Inundata: We Have Infinite, Immediate Information, So Why Don’t I Feel Smarter?

Dennis Ryan, Advertising, OlsonYep, “inundata.” I just made that word up; coined it without consulting Merriam or Webster, Funk or Wagnalls, Strunk or White. I didn’t invent it because the world needed a new noun, but because I needed some way to describe the intellectual slippage I feel daily, trying to keep up with the crushing flow of breaking news and fresh research and relevant posts–the whole Force Five intensity of the mobile information superhighway that’s never far from hand.

But the critical distinction is that what we live with today is a blitzkrieg of data, not actual knowledge.

I don’t believe we are smarter, I think we’re more distracted.

I don’t think we multi-task, I think we do more things with less commitment.

And I truly don’t believe any of us are wiser despite today’s omnipresence of information. We have always been able to find or conjure data to support whatever belief we hold. It may not stand up to the rigors of the scientific method, but it doesn’t need to; we’re not scientists. At least, most of us aren’t.

Which is why we should all take time to stop and make art. We should all try things, create things and play. Because in the end, creativity is the human data that defines ourselves.

Oh, and it’s also why every brand needs a really well thought out search strategy.

 

By Dennis Ryan, CCO, Olson

Creativity In Everyday Situations, Redux

At the end of last month, I posted a photo of the Uptown Theater in Minneapolis where someone took the time to add a little zip to the otherwise purely functional movie announcement for Jane Eyre on their marquis.
Apparently, he or she can’t help themselves.  My friend, the towering writer Ross Buchanan, visited his old stomping grounds in the Twin Cities this weekend for a bar mitzvah.  On the way back to the hotel from the synagogue, he snapped the shot posted below, announcing the screening of Kill The Irishman.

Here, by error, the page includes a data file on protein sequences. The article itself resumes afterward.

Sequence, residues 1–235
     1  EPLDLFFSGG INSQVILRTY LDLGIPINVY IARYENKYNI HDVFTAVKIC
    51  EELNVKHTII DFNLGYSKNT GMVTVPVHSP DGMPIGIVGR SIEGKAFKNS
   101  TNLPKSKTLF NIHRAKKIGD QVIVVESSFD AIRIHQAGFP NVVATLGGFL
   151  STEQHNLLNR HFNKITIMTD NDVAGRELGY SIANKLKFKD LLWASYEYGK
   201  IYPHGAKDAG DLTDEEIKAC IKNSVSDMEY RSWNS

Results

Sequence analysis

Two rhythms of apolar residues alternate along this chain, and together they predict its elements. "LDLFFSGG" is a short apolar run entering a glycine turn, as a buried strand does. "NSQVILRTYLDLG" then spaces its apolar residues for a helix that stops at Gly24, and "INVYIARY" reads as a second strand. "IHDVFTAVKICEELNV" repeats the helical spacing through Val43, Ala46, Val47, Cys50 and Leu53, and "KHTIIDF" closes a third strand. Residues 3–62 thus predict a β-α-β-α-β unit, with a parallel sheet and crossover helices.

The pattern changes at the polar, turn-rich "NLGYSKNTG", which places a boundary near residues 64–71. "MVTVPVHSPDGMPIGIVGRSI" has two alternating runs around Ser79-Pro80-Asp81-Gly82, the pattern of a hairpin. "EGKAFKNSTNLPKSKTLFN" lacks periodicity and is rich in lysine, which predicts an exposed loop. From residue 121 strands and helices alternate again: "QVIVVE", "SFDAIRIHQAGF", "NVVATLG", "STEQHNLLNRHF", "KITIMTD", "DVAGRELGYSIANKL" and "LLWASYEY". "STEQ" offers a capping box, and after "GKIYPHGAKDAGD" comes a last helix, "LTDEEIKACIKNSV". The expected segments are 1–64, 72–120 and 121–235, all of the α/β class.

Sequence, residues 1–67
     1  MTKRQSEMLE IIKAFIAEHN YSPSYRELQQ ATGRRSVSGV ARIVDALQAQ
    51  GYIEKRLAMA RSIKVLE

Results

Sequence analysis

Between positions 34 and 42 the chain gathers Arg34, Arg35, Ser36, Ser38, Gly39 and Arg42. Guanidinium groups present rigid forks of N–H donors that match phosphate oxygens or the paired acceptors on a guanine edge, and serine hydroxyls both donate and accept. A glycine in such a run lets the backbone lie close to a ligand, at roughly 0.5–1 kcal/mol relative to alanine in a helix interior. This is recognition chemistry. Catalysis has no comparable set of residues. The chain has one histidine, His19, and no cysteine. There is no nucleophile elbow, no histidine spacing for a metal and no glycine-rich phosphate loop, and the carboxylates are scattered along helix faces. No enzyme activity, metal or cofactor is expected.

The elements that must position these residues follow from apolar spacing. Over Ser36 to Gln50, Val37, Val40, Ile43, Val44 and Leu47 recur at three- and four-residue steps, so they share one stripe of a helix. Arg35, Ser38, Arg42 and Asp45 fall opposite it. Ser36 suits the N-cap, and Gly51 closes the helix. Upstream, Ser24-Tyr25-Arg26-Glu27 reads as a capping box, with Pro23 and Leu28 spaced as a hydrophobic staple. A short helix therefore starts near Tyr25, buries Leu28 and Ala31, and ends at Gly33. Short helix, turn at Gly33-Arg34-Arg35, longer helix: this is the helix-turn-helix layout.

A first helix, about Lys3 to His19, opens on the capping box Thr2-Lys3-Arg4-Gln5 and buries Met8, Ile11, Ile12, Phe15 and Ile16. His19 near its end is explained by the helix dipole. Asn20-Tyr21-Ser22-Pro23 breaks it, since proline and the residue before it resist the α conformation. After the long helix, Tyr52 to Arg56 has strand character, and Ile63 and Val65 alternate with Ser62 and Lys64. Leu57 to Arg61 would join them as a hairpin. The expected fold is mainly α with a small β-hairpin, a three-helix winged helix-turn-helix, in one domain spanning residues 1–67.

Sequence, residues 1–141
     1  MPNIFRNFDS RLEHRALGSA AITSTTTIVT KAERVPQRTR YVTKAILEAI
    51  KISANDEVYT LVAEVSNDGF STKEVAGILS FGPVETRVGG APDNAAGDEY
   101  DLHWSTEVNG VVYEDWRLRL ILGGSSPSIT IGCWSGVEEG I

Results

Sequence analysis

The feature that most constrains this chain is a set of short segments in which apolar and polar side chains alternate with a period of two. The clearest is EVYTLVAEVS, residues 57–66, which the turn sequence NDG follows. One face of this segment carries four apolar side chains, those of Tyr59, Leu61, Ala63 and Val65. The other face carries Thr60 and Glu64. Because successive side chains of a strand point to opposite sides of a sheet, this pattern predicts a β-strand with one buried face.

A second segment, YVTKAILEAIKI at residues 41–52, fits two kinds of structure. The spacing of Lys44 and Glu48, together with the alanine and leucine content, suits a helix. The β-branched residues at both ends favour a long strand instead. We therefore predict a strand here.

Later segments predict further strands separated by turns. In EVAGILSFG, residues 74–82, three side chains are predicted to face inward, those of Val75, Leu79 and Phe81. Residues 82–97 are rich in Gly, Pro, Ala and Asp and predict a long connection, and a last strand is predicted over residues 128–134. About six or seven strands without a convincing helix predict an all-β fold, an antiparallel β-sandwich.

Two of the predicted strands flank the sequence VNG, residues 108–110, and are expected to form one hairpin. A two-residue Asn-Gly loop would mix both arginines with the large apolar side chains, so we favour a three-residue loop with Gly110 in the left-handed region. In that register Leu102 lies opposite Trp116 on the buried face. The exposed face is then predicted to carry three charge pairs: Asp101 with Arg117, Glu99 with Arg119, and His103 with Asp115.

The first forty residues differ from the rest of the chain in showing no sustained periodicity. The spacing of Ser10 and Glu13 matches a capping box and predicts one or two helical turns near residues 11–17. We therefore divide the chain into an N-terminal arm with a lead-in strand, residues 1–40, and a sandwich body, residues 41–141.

Dennis Ryan, Advertising, OLSON

 

Ross also suggested we might want to hire that guy/girl.

Good point.  And again, well done, movie marquis letter arranger, well done…

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By Dennis Ryan, CCO, OLSON

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Determining The Value of Creative Ideation and Execution

I am not a wine guy.  I like it, I will rarely turn down a glass after 5 pm, but still, it’s not my thing; I don’t have nearly a sensitive enough palate to tell the difference between ‘oaky’ and ‘buttery.’

So I’m hard-pressed to blame clients for not recognizing a good ad from a bad one.  Or more commonly, a good ad from a slightly better one.Dennis Ryan, Element 79, Chicago Advertising

The difference comes down to taste and an appreciation for craft and aesthetics, neither of which is measurable.  And so creatives inevitably grumble about things like clients picking the wrong board or insisting on the lame cast or ruining the spot in edit.